A Beautiful Morning in the Neighborhood

Last night we had another wind storm. Strong gales coming in from the east, but no rain. It got the Mediterranean all riled up and our building into a state of hissing and squealing that was rather annoying. This morning the sun is shining warm and bright, the storm has passed, but the water's got a bad hangover. Usually on a bright sunny day like this the bay is as calm and flat as the glass of water sitting beside me. So this is a nice change. And it smells different. Typically the air here offers barely a hint of the fact that we are right on the beach, but today it has a real Atlantic aroma, just like, for example, approaching Little Compton from the west. And those aromas seemed to stir something in Waldo's brain: he was romping around on the beach as if he were a kid again, even dared to venture into three inches of water, which is quite unusual for him. (Well, I kind of tricked him into it, but still...) 
As I was walking along the beach with Waldo, feeling extremely fortunate indeed, I came up with another theory. Some time ago I saw an interview with the person responsible for managing the apple inventory for some big supermarket chain. And for whatever reason, I was struck by the passion he showed for his fruit. He explained that if you could manage to pick the apple at just the right moment and get it quickly and carefully into the warehouse, and if in the warehouse you could maintain the precise degree of humidity (minimal) and a constant temperature (38, 41 F?), you could keep that apple really fresh for a very long time. So maybe people are like that– we need precisely the right conditions. Several years ago I became a fan of the well known 'serenity prayer'. It's quite simple and encapsulates a basic wisdom. I try to say it to myself often and I think it helps me keep things in perspective. Now I believe I need something similar in terms of keeping my bearings. It's not exactly a prayer, but it would go something like this: I'm a human being, living on planet earth. The earth rotates once on its axis every twenty-four hours. Once a year it rotates around our sun. We are the third planet of eight (or nine, if you were counting a few years ago), forming a solar system for which we have yet to come up with a either a good name or a willing sponsor (Solar System Ra, sponsored by Bamba Footwear!?) We seem to be located more towards the fringe than the center of a spiral type galaxy of hundreds of billions (yes, hundreds of billions!) of stars. Our galaxy is zooming away from billions of other galaxies at an accelerating rate. (Getting dizzy? Lonely?) There is little evidence to suggest there is a center, or even a direction. But there does seem to be ample parking available for any future spacecraft we may come up with. And on and on... So, if I keep getting my bearings in this manner I believe I may help extend my shelf life. Others are more succinct and perhaps a tad more connected to our basic realities. I just read this after my walk. I'm quoting Roger Cohen quoting Ian McKewan quoting John Updike: "Nature dangles sex to us to keep us walking towards the cliff." That about sums it up, doesn't it? (Well, yes, there is more to it than that, but I'd say that's not a bad take on the basic pattern of life on earth.)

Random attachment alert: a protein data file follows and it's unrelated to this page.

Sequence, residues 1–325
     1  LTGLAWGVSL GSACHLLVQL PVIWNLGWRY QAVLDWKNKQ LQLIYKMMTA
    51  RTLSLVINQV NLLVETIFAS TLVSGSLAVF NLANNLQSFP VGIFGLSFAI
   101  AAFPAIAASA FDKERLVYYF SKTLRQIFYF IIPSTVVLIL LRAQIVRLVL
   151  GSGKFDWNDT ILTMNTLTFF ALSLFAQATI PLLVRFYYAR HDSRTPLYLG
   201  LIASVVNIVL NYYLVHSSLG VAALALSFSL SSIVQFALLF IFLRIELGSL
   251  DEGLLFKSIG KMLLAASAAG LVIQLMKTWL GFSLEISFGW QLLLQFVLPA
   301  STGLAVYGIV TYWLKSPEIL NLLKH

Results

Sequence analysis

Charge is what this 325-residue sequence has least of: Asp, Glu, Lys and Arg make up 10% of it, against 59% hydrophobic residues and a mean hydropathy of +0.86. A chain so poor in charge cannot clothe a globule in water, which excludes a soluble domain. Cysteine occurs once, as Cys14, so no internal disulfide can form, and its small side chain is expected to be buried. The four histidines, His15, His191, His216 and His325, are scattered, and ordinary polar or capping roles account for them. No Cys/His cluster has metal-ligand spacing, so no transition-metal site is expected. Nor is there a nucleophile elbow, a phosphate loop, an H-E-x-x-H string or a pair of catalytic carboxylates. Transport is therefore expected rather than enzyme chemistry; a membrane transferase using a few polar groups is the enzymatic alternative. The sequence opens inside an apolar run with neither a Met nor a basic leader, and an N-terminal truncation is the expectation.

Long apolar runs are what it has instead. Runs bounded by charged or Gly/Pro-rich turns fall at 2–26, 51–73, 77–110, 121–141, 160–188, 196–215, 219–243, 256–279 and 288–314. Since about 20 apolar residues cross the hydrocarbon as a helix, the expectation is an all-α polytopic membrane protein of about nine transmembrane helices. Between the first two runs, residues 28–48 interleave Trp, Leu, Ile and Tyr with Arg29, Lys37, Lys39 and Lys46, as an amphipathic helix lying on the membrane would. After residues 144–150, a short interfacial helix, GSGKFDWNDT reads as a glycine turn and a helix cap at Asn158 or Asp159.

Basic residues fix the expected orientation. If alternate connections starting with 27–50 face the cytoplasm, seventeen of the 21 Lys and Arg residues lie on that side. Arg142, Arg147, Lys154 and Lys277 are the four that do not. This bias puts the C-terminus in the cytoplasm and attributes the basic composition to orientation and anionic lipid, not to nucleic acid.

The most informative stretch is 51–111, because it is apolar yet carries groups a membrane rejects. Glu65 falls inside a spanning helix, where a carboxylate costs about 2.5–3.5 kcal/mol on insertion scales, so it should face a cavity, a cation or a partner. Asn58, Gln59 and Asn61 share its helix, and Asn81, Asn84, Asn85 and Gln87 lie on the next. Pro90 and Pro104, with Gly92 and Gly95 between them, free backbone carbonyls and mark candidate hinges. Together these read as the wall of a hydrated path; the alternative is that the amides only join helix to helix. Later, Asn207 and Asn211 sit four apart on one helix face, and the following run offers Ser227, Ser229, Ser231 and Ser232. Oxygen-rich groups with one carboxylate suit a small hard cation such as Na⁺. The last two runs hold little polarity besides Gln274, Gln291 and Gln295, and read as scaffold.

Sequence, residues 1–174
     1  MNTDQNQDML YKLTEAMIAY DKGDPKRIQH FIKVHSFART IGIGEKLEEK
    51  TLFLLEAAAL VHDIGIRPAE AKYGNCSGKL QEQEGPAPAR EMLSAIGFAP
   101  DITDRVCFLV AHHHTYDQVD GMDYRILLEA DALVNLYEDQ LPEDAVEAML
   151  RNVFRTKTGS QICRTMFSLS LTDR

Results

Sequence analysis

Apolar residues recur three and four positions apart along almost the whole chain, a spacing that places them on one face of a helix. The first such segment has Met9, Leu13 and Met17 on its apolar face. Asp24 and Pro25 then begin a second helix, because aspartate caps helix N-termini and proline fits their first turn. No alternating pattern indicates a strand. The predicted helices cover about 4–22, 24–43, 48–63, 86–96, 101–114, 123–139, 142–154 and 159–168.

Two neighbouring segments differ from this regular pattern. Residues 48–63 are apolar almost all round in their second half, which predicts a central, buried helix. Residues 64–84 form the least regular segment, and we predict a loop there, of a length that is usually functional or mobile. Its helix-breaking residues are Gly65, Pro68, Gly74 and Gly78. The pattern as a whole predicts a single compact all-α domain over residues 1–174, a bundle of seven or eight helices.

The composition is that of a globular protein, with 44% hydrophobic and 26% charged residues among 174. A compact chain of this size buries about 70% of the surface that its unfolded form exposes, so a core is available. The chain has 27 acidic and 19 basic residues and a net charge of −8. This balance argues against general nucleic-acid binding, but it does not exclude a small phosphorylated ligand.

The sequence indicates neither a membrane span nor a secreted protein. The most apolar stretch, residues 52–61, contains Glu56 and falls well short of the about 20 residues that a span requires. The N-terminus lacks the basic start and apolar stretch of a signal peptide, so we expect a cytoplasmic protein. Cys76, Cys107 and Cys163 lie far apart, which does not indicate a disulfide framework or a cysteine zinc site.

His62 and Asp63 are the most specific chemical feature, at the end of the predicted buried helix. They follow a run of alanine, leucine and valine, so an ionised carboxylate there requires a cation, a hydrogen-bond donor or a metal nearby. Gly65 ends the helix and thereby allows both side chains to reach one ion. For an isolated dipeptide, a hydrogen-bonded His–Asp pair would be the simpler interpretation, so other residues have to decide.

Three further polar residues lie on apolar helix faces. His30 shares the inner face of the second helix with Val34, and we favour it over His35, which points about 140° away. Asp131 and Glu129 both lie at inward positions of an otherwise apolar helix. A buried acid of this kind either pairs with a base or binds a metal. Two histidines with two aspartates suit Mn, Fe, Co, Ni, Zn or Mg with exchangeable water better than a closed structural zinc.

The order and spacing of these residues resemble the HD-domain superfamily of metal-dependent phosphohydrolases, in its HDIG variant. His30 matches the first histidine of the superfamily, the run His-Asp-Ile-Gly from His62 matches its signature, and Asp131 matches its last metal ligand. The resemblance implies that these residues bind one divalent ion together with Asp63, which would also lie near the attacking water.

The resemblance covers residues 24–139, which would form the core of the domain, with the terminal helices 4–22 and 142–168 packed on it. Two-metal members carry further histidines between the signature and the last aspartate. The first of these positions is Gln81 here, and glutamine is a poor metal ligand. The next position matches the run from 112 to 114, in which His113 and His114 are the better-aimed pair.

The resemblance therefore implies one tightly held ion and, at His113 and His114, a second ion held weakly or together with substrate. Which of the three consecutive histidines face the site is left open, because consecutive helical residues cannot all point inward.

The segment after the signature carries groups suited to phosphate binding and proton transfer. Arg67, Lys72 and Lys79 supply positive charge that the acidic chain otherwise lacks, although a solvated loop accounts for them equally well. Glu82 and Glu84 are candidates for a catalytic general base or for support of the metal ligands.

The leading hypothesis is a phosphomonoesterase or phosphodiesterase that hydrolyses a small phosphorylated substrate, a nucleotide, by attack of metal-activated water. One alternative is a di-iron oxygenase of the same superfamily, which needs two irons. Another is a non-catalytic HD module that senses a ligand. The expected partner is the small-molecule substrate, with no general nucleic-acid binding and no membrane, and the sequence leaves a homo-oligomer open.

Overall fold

The Leer la voz americana session on Tuesday was dedicated to Emily Dickinson and it too went quite well. Another strong turnout. If I had a better functioning brain, I may have thought of her on my walk earlier this morning. One of her poems begins thusly:

I started Early – Took my dog –
And visited the Sea –
The Mermaids in the Basement
Came out to look at me –

The only mermaid I've seen this morning is the one adorning the Dickinson home page. The sea withdrew and today, sorry Emily, it didn't talk to me about death. (This blog entry sponsored by the spirit of Fred Rogers.)